Address America’s Abusive Teen Relationships

Target: Valerie Jarrett, Chair of the White House Council on Women and Girls

Goal: Raise awareness for and lower rates of violence in teen relationships throughout the United States

Physical and psychological violence is becoming increasingly common in the romantic relationships of American teenagers. Unfortunately, awareness of this problem is low, with many schools and communities unequipped to address instances of abuse that can cause lifelong damage to young victims. Urge Valerie Jarrett to promote, on a national level, community education on how to deal with unhealthy and violent teen relationships.

Amazingly, about 30 percent of  U.S. adolescents today are victims of a physically or psychologically abusive relationship. This alarming statistic was uncovered by a recent nationwide study in the Pediatric Journal. Equally alarming is the  study’s subsequent discovery that teens who experienced dating violence were two to three times more likely to be in violent relationships later in their lives, and significantly more likely to engage in high risk behaviors or have suicidal thoughts.

Although much needed, the resources offered by school counselors are not enough even to begin uncovering and resolving the problems teenagers are dealing with today. The real solution must come from the communities in which teens are living.

As a coach, educator, and father, Ohio teacher Gary Gerhardt knows this well. He recently attended a Seattle conference put on by Idaho’s OVW Step Prevention Institute—an initiative aimed at spreading awareness of teen violence. A proponent of community inclusion on the subject, he is helping to integrate a support network into his own neighborhood. Defining part of the problem, he said, “Kids don’t always know who to turn to. It could be a teacher, but it could just as easily be a coach or other community member.” This is the kind of mindset that could do wonders for teenagers all over America and ensure the mental health of up-and-coming generations. Not only counselors, but teachers, after-school staff, private team coaches, parents, and police officers need to be educated on teen violence so that unhealthy relationships can be recognized and addressed.

The Step Prevention Institute is just one branch of Idaho’s Center for Healthy Teen Relationships, an excellent example of a community outreach system. Programs like this are a blueprint that communities struggling with teen violence can build off of. Sign this petition urging Valerie Jarrett to encourage implementation of community support systems across the nation and tackle the issue of violence in teen relationships.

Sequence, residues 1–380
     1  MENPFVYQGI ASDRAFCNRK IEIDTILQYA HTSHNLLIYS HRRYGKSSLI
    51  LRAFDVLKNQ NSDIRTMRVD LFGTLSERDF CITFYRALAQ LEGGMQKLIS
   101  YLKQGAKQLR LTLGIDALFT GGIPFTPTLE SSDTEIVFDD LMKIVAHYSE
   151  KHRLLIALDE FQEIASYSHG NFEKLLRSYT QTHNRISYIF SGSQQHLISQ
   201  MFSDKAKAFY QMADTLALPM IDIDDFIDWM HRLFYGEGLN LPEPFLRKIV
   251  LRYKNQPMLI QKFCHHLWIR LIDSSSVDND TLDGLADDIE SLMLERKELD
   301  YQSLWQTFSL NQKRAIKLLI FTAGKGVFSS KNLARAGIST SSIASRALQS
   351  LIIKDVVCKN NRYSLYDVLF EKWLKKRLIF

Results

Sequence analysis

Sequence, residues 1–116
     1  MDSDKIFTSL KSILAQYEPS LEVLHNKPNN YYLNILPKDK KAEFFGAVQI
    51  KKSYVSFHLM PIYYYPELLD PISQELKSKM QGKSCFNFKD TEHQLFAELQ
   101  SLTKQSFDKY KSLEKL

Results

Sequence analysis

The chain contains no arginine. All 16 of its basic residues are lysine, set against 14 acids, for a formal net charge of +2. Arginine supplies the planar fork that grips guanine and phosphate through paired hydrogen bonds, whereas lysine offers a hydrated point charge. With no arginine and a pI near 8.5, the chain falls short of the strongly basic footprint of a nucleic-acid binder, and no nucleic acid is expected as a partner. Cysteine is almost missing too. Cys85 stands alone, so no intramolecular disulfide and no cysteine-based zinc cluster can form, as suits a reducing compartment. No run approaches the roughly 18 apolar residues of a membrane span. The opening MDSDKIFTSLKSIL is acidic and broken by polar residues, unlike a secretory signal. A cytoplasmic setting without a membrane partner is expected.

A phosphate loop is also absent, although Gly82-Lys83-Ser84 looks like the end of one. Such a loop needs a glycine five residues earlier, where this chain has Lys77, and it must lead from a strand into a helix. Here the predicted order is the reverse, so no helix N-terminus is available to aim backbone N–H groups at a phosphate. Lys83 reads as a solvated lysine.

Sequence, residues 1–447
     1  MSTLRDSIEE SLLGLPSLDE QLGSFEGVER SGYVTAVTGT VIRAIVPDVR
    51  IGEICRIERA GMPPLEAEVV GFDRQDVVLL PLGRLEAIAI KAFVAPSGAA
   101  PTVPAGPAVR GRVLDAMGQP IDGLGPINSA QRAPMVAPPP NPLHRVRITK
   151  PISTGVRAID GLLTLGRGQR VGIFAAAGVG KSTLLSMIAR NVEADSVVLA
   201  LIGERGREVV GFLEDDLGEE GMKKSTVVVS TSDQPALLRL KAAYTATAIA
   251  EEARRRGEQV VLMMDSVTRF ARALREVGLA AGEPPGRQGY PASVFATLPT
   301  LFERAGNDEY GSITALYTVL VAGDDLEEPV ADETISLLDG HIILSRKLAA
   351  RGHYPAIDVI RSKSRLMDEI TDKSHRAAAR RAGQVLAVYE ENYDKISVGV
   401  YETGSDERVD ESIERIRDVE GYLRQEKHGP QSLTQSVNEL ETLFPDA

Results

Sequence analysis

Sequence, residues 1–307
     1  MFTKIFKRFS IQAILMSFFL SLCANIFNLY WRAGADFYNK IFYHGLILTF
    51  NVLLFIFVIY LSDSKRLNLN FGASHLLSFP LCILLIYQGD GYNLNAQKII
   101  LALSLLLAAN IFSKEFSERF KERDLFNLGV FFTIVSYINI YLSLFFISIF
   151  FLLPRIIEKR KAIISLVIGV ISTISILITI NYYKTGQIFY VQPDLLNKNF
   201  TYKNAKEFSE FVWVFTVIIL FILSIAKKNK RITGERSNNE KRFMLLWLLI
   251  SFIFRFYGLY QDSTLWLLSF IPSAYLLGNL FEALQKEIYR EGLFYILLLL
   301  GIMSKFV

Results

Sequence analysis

Dear Valerie Jarrett,

As you know, violence in teen relationships is rising at an alarming rate throughout the United States. With resounding effects that will carry on throughout the lives of America’s youth, the issue of violence in teen relationships must be dealt with immediately and efficiently. Your achievements in addressing this issue have been many and great, but I wish to suggest an additional focus for your efforts.

The most powerful tool for recognizing and resolving instances of teen violence is a well-connected, well educated community. A troubled youth may not turn to a policeman or school counselor—may not turn to a friend or even a parent. In order to catch abusive relationships as they occur, we must educate as many community members as possible on what to look for and how to be a support option for at-risk youth.

Some communities are already involved in this kind of activity, but many are not. Idaho’s Center for Healthy Teen Relationships—and indeed the state’s other domestic violence programs—offer an excellent example, a blueprint that cities and states with no support systems could duplicate and build off of. In the interest of future generations, we must spread this kind of awareness and education. I urge you to bolster your fight against teen violence, and give more attention to the implementation of community support systems for teenage victims of abusive relationships.


[Your Name Here]

Photo credit: Cassandra Jowett via Flickr

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One Comment

  1. Jaime Alves Jaime Alves says:

    Today’s youth is tomorrow leader, treat the youth right.!!
    We are playing with dynamite, save our young.!!

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